The two parties would have grappled for a bit in the middle of the Rivers of America, while Mickey appeared on Tom Sawyer's Island - seated in front of a massive pipe organ. The Mouse was supposed to hammer out a quick excerpt from Bach's "Toccata & Fugue in D Minor," which was meant to be the musical accompaniment for this epic sea battle. These proposed "Fantasmic!" addition would have reached its climax when Nemo plunged his harpoon into the snapping jaws of the squid. Whereupon the entire waterfront would have gone dark ... which supposedly would have allowed the show to make a smooth transition to its next sequence.
Sounds pretty wild, doesn't it? Well, for a time, this sequence was under serious consideration as something new that could be folded into Disneyland's "Fantasmic!" Of course, this was back in the day when DL's Entertainment Office thought that it would be freshening up this New Orleans Square waterfront show every couple of years or so. So -- in addition to writing this Nemo scene -- they also scripted new sequences for DL's version of "Fantasmic!" that would have been staged to the "Just Can't Wait to Be King" song from "The Lion King," the "Friend Like Me" number from "Aladdin" as well as "The Colors of Wind" from "Pocahontas."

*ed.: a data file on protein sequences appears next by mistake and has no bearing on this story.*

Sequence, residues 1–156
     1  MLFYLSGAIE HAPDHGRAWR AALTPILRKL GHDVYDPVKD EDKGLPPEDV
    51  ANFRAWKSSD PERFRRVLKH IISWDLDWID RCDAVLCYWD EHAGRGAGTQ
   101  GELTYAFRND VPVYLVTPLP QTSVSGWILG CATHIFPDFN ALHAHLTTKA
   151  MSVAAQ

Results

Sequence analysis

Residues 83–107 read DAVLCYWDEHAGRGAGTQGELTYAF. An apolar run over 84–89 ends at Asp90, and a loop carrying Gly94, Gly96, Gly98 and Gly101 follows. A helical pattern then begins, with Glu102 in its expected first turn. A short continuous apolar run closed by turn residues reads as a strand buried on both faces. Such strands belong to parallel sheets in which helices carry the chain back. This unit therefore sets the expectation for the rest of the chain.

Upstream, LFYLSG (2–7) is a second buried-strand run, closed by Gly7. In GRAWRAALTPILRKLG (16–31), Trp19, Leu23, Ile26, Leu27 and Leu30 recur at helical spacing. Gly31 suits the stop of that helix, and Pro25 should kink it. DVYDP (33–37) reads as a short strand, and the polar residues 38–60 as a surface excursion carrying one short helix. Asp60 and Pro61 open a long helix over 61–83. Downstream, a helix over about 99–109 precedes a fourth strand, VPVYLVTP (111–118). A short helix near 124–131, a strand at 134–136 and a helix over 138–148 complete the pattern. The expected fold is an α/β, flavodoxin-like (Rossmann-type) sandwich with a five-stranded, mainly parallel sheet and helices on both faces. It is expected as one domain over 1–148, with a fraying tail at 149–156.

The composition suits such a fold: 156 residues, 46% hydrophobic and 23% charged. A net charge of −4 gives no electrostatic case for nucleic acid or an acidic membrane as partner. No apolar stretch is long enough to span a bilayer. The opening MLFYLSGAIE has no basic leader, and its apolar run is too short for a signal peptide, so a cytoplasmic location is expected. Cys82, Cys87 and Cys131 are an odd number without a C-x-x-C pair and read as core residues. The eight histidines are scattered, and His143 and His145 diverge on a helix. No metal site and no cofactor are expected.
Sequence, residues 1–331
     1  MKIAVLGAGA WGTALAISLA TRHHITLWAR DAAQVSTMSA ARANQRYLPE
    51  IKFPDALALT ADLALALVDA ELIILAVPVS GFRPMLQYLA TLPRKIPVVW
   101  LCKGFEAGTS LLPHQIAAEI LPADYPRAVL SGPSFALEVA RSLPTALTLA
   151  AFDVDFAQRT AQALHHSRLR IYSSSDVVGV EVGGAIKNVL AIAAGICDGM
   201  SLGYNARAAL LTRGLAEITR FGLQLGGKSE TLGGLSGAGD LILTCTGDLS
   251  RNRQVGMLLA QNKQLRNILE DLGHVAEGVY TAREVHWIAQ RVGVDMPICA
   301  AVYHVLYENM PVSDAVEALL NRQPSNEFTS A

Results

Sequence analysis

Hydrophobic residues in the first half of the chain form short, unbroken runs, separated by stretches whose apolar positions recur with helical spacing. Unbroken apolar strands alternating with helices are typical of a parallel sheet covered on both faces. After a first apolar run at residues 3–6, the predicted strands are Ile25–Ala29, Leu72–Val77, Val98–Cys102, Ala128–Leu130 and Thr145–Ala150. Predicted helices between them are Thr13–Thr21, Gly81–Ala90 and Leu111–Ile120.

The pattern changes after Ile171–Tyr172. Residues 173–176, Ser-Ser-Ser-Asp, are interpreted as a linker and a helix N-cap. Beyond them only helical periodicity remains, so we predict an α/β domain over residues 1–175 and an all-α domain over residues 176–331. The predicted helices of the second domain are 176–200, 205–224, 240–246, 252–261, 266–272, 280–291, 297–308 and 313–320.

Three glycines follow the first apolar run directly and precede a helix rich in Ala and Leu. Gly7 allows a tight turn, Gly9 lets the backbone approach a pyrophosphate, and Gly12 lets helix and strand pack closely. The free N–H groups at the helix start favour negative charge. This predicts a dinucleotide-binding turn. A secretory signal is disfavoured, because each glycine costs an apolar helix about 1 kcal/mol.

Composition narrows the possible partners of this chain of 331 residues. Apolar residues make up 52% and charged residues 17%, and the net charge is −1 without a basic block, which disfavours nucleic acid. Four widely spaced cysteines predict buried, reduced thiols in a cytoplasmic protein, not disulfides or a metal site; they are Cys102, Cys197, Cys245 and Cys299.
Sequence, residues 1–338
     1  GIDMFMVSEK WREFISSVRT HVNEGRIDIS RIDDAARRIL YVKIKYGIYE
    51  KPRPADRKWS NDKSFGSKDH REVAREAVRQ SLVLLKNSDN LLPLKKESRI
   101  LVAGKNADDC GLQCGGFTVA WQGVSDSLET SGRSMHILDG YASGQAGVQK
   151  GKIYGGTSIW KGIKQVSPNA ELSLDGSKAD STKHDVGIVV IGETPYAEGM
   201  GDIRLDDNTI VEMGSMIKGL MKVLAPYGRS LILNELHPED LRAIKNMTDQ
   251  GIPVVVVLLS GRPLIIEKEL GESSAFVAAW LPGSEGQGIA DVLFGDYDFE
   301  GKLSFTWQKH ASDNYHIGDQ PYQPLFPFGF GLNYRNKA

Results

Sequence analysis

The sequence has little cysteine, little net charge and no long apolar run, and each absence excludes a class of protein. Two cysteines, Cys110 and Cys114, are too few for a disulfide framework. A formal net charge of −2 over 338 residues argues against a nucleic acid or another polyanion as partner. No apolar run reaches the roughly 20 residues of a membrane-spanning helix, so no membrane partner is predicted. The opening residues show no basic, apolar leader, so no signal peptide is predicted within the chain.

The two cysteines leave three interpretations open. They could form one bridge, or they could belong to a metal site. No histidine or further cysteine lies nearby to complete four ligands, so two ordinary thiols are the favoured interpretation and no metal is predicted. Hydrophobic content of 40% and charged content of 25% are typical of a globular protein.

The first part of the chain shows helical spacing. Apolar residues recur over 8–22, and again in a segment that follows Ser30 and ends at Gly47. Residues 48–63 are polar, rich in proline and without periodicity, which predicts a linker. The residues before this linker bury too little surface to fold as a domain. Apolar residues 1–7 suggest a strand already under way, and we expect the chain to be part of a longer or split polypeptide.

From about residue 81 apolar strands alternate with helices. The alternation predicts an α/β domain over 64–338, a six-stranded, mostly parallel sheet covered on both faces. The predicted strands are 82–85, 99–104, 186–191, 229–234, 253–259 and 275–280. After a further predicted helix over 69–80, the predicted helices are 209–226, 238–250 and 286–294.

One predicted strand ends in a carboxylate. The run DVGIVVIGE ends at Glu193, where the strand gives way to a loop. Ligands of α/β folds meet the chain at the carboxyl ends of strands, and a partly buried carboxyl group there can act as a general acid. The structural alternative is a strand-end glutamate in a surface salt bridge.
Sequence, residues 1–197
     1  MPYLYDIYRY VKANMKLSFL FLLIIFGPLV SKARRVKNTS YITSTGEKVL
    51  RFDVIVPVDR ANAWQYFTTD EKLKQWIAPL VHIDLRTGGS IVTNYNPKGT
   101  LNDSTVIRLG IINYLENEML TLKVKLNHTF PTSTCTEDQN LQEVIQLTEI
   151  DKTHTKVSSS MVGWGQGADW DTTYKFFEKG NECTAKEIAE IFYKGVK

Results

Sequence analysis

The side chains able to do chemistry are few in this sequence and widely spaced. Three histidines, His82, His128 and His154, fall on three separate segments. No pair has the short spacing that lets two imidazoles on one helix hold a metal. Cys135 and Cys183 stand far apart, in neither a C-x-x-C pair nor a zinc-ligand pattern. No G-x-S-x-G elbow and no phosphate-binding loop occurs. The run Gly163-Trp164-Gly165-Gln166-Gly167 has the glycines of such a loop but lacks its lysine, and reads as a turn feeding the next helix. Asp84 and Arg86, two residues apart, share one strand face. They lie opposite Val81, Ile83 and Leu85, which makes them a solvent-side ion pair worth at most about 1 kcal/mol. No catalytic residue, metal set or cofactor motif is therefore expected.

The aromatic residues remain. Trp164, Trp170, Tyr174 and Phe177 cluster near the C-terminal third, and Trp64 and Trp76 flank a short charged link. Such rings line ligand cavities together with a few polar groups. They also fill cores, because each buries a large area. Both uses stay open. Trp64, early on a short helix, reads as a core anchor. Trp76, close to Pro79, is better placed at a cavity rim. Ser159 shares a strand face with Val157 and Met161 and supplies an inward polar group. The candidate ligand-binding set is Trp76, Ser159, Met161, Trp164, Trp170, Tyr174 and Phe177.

But then the folks in the Team Disney building in Anaheim went on another one of their cost cutting binges. Which is why Disneyland's Entertainment staff eventually abandoned the idea of freshening up their version of "Fantasmic!" Of course, some of the ideas that they scripted eventually ended up in the Disney-MGM version of "Fantasmic!" ... but as always, that's a story for another time ...)
Anyway ... getting back to "Tinker Bell's Light Magic" ...
Since Peter Pan wasn't available, DL's Entertainment staff decided to create some new friends for Tinker Bell to play with. This was the moment when the Lumins (who you'll recall, were supposed to have been the stars of "Lightkeepers 2") became the pixies. A somewhat earth-bound variation on Ms. Bell. These creatures (which would be portrayed by Disneyland cast members) would have wings but wouldn't be able to fly.
But what these pixies could do was interact with the audience. Maybe pull a few kids out into the street and teach them a dance step or two. Or maybe show them how to throw a handful of pixie dust (AKA confetti).
Of course, these pixies couldn't just appear out of nowhere. Which is why DL's Entertainment staff decided to create these enormous rolling stages -- four identical 55,000-pound units, each 80 feet long and 25 feet high -- which would serve as homes to these magical creatures. And -- to help add to the impact of "Tinker Bell's Light Magic"'s killer climax -- each of these units would be laden with fiber optics as well.
That way, when Tinker Bell waved her wand at the end of the show, the audience would see the rolling stages in front of them as well as the buildings behind them all come alive when touched by pixie dust.